The MoD has a lot of difficult jobs to do. Some would even say that they are impossible. However, surely buying tanks shouldn't fit into this category.
Yet somehow, today a committee of MPs heard how the MoD managed to blow £1 billion on a tank programme that didn't actually net them a single vehicle.
The problemsIt's not for want of trying. Since 1998, the MoD has had a number of procurement projects on the go, which were meant to end in them buying a selection of the ultimate fighting and armoured vehicles.
But fitting all the bells and whistles takes time and money, and the projects has run on somewhat. It also hasn't been the smoothest of processes, and the MPs heard today that some £321 million of the money had been spent on projects that ended up being cancelled or suspended.
It was then scuppered almost entirely when the next round of funding was cancelled. It was meant to get another £10.8 billion to last the programme until 2021, when we can only hope one or two of these tanks, reconnaissance vehicles and personnel-carriers would start making an appearance.
The MoD admitted that as a result of all this: "there will be gaps in capability until at least 2025; making it more difficult to undertake essential tasks such has battlefield reconnaissance".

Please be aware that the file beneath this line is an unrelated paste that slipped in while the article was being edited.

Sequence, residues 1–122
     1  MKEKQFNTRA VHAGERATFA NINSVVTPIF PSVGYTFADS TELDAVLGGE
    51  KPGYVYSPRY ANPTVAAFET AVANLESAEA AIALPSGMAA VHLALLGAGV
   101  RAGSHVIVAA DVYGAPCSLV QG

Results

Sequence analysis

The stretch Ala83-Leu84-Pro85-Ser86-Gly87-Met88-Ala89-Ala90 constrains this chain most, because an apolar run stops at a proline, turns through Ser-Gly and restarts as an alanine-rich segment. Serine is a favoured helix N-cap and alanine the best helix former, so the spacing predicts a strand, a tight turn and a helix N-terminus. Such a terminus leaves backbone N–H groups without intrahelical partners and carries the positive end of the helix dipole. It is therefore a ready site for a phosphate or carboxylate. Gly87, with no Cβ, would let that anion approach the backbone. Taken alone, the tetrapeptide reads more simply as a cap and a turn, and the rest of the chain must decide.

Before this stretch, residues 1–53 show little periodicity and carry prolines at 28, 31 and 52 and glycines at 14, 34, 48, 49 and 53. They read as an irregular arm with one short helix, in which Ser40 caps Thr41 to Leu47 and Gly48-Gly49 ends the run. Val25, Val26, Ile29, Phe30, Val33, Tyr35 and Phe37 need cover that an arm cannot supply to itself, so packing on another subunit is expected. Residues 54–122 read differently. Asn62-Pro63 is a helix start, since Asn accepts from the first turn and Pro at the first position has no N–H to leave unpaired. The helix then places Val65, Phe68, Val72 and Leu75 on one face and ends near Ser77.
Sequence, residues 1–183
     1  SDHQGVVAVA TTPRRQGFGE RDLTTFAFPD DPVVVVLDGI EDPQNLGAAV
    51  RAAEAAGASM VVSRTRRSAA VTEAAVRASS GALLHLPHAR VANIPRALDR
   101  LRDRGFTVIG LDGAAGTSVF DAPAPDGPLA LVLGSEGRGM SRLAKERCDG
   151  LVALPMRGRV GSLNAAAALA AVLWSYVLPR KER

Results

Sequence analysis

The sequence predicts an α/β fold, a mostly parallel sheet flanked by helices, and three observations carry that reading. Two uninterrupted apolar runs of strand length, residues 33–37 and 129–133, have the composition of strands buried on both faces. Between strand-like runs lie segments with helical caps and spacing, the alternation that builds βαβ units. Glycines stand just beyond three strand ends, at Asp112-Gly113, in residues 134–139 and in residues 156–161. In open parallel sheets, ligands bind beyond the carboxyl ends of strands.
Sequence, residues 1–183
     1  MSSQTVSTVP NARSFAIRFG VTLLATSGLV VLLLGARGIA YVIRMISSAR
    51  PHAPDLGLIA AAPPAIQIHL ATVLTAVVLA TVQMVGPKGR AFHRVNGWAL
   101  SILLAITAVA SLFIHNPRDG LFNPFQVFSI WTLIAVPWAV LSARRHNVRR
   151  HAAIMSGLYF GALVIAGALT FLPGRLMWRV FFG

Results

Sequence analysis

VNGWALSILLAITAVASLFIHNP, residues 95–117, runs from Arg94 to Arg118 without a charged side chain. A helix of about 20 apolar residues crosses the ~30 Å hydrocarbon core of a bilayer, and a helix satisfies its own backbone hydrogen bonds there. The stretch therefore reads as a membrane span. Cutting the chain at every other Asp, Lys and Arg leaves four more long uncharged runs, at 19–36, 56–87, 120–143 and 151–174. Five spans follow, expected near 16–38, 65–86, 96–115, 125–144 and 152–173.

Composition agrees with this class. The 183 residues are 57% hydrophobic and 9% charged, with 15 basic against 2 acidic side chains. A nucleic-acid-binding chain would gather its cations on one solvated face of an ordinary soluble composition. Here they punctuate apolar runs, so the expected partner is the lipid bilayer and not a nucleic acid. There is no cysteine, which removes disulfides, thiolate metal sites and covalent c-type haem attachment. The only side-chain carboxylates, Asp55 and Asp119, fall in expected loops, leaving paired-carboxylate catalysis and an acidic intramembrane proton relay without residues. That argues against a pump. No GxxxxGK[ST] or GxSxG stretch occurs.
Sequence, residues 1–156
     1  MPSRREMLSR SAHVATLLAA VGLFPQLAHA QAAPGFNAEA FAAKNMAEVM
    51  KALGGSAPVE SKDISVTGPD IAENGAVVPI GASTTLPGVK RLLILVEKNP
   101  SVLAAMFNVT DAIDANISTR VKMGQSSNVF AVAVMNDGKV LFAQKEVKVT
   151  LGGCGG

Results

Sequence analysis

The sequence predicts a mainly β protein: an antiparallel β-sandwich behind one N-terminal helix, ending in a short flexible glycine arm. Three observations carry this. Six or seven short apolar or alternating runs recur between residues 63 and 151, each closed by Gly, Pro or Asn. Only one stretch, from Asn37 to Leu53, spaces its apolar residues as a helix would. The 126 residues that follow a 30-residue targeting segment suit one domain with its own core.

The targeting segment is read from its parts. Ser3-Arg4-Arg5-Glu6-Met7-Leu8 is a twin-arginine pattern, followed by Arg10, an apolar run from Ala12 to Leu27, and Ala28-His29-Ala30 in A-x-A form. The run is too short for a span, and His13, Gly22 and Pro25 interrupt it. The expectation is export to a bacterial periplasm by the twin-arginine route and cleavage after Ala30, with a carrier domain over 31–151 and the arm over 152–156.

The messThe government has stepped in to try to rescue something from this billion pound disaster. The Treasury will stump up £2.8 billion in order to have a few mine resistant vehicles. However, clearly this falls a country mile short of the ambition for the ultimate all purpose vehicle that was supposed to be protecting our troops overseas.
Hodge didn't have many positive things to say about the whole sorry pantomime. She highlighted that "matters were made worse by an overly complex procurement process and an unrealistic culture of always demanding cutting edge technology".
"The Department has yet to say how it is going to find the money to buy the vehicles it needs in future to carry out the full range of military tasks."
The Defence Equipment Minister Peter Luff, has argued with the committee's findings, saying: "It is not true to say the £1.1 billion spent on armoured vehicles has not delivered any equipment. It has delivered Titan, Trojan and Viking vehicles, with Trojan and Viking used on operations in Afghanistan."
He added: "The armoured vehicle programme was left in a mess by the previous Government."
Sadly, therefore, it seems the mess is deteriorating still further into a party political row. Meanwhile. service men and women must be wondering when their safety will become a priority.